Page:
Sunday, October 15, 2017

The classical influence on rock and roll: The Beatles - Penny Lane

I expect that all our readers will be familiar with the trumpet solo in "Penny Lane":

It turns out that it was inspired by Bach's Brandenburg Concerto #2:

This is a particularly interesting version of the concerto performed by the Freiburg Barockorchester using period (early 18th century) instruments.  You don't often see a recorder used in chamber music these days, although it was quite common in earlier days (English King Henry VIII composed a number of pieces for Recorder).  More to the point of the subject of the post, the trumpet isn't really a trumpet.  Rather, it looks like an antique variant of a coronet (I confess to being a little hazy on the type here despite being an old trumpet player back in school).  It has a higher pitch than today's trumpet, and in fact sounds very like the pitch of the Piccolo Trumpet used in Penny Lane.

The story is that Paul McCartney was watching a BBC show where the Brandenburg Concerto #2 was performed.  McCartney was transfixed by the trumpet performance by David Mason.  The music inspired McCartney to add a pseudo-baroque trumpet solo, and the rest is history.  McCartney asked Mason to record the solo on Penny Lane, which he did on January 17, 1967.

And thus we see that even The Beatles knew the truth of the old saying: if it's not Baroque, don't fix it.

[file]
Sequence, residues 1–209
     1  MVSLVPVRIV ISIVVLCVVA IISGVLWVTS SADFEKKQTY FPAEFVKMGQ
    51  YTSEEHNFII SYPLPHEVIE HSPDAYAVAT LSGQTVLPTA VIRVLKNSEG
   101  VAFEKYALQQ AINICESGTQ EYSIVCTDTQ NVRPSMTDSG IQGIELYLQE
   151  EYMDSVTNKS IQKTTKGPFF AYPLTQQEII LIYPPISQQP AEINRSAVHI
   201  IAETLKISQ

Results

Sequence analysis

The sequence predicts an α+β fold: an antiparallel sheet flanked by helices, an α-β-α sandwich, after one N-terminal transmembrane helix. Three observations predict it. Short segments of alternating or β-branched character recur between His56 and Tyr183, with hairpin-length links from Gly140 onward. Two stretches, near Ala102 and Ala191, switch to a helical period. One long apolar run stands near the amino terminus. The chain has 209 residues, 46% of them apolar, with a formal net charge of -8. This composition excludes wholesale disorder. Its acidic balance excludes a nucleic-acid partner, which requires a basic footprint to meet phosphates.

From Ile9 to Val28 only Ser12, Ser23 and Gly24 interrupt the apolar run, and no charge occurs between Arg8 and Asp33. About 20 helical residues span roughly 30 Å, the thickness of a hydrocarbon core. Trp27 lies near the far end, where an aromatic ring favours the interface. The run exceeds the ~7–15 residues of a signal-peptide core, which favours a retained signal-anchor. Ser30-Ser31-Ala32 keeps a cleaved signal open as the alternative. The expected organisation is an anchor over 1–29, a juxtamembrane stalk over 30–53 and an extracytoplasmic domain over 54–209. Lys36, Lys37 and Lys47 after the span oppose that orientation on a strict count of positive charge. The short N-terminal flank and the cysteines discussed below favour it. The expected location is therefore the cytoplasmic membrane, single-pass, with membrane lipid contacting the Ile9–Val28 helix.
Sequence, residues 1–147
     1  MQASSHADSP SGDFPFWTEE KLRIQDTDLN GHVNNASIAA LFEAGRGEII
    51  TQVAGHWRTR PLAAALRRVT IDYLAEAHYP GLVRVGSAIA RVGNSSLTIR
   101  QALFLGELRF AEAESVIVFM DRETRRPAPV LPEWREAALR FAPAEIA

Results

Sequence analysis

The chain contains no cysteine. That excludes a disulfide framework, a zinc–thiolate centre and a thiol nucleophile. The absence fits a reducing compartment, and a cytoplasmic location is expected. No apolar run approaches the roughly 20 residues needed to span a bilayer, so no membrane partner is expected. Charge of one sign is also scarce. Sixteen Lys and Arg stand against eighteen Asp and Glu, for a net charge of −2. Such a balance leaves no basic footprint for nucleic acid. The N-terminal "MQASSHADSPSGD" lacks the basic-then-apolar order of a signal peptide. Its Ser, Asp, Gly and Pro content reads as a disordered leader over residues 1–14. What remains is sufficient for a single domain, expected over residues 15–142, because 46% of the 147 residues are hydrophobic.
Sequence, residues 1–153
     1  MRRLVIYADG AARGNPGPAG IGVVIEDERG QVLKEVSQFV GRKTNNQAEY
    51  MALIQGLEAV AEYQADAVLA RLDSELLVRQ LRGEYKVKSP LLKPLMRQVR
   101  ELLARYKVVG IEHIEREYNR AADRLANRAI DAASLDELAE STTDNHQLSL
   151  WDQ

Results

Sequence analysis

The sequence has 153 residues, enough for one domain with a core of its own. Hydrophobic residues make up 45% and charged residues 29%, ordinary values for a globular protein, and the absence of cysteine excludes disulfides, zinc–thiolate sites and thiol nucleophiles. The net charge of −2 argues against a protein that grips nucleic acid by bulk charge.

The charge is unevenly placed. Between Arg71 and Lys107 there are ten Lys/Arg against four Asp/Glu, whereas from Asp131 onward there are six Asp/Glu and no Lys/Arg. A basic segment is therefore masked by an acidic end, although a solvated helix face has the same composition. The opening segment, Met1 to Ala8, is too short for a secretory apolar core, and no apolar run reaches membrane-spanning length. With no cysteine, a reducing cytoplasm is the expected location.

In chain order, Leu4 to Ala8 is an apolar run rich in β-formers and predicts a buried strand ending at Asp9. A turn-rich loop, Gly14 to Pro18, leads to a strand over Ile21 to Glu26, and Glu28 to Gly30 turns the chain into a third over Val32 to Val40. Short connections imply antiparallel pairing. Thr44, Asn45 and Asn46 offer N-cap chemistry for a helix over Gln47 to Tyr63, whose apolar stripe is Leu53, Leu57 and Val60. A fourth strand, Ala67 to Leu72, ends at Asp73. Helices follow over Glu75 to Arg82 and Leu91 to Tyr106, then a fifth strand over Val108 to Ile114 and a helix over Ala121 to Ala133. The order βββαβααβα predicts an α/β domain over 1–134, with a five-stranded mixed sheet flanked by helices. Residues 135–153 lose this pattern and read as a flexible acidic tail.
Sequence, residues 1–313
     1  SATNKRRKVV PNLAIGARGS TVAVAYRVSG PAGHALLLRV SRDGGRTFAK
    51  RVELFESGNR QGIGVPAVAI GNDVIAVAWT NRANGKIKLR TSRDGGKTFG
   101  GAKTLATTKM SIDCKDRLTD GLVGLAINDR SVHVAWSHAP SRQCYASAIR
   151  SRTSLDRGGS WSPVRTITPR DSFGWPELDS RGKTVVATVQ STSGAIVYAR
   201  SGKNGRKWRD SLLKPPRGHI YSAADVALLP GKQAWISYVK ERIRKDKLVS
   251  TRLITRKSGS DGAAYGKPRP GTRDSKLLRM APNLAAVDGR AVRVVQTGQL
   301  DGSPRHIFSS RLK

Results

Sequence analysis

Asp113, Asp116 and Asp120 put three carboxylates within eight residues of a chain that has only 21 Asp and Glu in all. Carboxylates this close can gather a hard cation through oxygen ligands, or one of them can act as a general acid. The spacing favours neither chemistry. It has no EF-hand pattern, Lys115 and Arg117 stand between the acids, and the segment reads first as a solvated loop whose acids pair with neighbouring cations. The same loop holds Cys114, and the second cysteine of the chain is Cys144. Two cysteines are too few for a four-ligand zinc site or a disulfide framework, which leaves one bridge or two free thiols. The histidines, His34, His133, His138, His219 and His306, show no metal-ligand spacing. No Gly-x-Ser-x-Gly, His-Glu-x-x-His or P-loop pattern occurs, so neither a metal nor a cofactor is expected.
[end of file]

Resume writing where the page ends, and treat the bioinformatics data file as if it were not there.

libertyman said...

I played the trumpet as well! A year or so ago I took my old trumpet to the dump's "good" table so maybe some young person is playing it now. Hmmmm. I played something for the National Honor Society induction ceremony. I think it was by Purcell.

Nice post that brings back memories

Old NFO said...

Interesting how 'old' is new again... Not only in music, but all of art... :-)

Sdv1949 said...

The solo in 'Penny Lane' was played on a 'piccolo trumpet.' It plays in the key of B flat just like a regular trumpet but is pitched an octave higher. My trumpet teacher, a university professor, had one and worked for a few months until he could play the solo to his satisfaction. He had total respect for the guy that did it originally.

Jeffrey Smith said...

Bach wrote for natural or valveless trumpets, which are confined to the harmonic scale. Keyed and then valved trumpets and horns didn't exist until after 1800, and didn't fully supplant valveless instruments until after 1840.